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Incomplete numbing

D

Deblomas

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Nov 22, 2018
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Hi, this is my first post here. I have been treated for dental phobia over the last two years after feeling pain of varying degrees at almost every treatment for quite a while. I had been getting on well, every 3 months I have a check up so it doesn't become too big a deal, and I have had quite a few small repair jobs done without issues, also my dentist changed anaesthetic too which helped. But today I have had a filling in the place where it all started and despite the new anaesthetic, and plenty of it, I was in a lot of discomfort. I'm usually ok after the drilling but today pushing the filling in made me yelp. I feel I have gone back a few years and will never be able to have work done in this area (lower left) again. My dentist thinks my nerves not in the usual positions in this area, but my question is is there a way to find this out? Scans or similar maybe. I don't want to swap dentist as he is really patient with me. If I can find how my nerves run surely it will make dental work a lot easier. Any ideas gratefully received.
 
grumpybear

grumpybear

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Aug 30, 2018
Messages
116
Perhaps a CT scan or a MRI scan? I'm not a doctor or a dentist but I had to get a MRI scan of my spine done so my orthopaedic surgeon could see my nerves so maybe it could work for the mouth as well. Perhaps you could ask your dentist about this.
 
letsconnect

letsconnect

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Jan 1, 2005
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Hi there

Sorry to hear about your problem. We have a page on the causes of incomplete numbing here: https://www.dentalfearcentral.org/fears/not-numb/

I'd be really interested as well in finding out whether nowadays, Cone Beam CT scans or MRI scans are ever used for this purpose? Maybe our resident dentists will be able to shed some light on this matter :)!
 
Gordon

Gordon

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You couldn't justify the cost and radiation exposure for either of them for a fairly "benign" issue (not that it's not important to the patient concerned, but it's not life threatening in any way).

Pain on putting the filling in is unusual, was it a very deep filling?

Alternative techniques of delivering the local might be useful, such as intraligamental with a Wand or similar to top up the local.
 
D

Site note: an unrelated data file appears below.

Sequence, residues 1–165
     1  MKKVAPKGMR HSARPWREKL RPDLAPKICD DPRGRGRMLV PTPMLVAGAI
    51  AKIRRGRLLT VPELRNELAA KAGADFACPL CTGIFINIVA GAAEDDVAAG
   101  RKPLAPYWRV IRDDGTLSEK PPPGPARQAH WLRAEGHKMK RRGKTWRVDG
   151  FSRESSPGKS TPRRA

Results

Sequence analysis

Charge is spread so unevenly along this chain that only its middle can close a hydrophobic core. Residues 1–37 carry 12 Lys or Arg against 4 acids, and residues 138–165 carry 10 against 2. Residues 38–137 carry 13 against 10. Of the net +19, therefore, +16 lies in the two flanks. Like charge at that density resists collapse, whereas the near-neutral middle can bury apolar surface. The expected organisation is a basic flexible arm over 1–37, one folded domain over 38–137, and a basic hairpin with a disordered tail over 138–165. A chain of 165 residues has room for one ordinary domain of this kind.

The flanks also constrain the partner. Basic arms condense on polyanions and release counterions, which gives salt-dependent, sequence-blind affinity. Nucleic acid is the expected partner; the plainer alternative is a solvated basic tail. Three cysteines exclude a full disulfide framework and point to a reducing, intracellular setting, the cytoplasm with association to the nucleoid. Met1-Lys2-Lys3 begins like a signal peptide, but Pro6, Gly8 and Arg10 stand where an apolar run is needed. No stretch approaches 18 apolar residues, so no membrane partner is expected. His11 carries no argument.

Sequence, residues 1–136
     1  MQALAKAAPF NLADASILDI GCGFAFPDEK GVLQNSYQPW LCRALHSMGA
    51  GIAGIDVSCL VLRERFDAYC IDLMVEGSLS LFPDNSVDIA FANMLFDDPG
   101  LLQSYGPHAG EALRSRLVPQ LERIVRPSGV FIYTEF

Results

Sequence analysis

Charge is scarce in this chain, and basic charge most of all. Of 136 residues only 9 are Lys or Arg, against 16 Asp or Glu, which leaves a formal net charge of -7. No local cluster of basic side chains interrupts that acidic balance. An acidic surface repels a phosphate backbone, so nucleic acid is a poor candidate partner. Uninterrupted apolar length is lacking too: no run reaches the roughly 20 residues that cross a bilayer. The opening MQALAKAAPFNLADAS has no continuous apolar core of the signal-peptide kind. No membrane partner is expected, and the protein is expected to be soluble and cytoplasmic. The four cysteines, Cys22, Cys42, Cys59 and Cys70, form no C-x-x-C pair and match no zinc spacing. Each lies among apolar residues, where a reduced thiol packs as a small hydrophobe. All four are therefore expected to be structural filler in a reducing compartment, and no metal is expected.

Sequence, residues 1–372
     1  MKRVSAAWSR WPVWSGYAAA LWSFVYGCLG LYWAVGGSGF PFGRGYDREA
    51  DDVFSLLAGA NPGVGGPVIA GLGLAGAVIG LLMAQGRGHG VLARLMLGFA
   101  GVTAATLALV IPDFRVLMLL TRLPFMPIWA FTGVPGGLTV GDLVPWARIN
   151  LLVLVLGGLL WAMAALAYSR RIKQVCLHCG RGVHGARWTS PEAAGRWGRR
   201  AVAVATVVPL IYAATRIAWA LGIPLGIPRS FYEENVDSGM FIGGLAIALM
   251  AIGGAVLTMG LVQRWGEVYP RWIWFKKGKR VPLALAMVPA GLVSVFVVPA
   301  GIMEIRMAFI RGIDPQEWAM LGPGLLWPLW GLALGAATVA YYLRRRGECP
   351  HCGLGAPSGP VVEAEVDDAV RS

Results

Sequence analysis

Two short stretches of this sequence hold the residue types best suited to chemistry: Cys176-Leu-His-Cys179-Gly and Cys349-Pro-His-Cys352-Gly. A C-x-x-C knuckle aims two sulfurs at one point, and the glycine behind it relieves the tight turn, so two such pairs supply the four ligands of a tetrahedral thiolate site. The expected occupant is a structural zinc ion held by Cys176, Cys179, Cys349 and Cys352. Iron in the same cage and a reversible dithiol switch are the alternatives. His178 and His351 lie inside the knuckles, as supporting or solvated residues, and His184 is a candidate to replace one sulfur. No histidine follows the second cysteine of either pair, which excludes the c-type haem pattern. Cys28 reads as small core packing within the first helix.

Deblomas

Junior member
Joined
Nov 22, 2018
Messages
2
You couldn't justify the cost and radiation exposure for either of them for a fairly "benign" issue (not that it's not important to the patient concerned, but it's not life threatening in any way).

Pain on putting the filling in is unusual, was it a very deep filling?

Alternative techniques of delivering the local might be useful, such as intraligamental with a Wand or similar to top up the local.

Hi thanks for your replies. It wasn't a deep filling, but I found it almost intolerable. I have quite a high pain threshold normally too. Having just calmed down about treatment with the help of CBT I don't want to go back to worrying about my teeth 24/7 so would pay for any tests if they'd be of use.
 
Gordon

Gordon

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They wouldn't be any practical use.
 
C

comfortdentist

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Miami, Fl
They wouldn't be any practical use.
I agree. I see far more hard to get numb patients than my colleagues. I will use other anesthetics and injection techniques but CBCT? Never.
 
letsconnect

letsconnect

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Interesting discussion!

Can you explain a bit more as to why CBCT or MRI woudn't be of any practical use? Thanks :)!
 
Gordon

Gordon

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There's a few reasons.
1) It's impossible to accurately "hit" an object the size of the nerve foramen with a dental needle. They all deflect a bit as they pass through the muscles etc on the way in.
2) Fine, you've got a 3D model of the patient's jaw and you know where the nerve is lying. How are you going to translate that into the actual mouth when you're trying to get a needle near it? The soft tissues will change shape when you touch them, so you have no fixed landmarks to guide you
3) You're injecting 2ml of liquid into a very small space, the liquid will spread around a cm either side of the injection site, it's unlikely that the nerve will be 2cm away from the usual location

But mainly, the problem with patients not going numb is unlikely to be that the solution isn't reaching the nerve, it's probably either that they have a high resistance to that particular local or it's a secondary factor like infection that's the issue.

I daresay there's more reasons but that's all I can be bothered to type out :)
 
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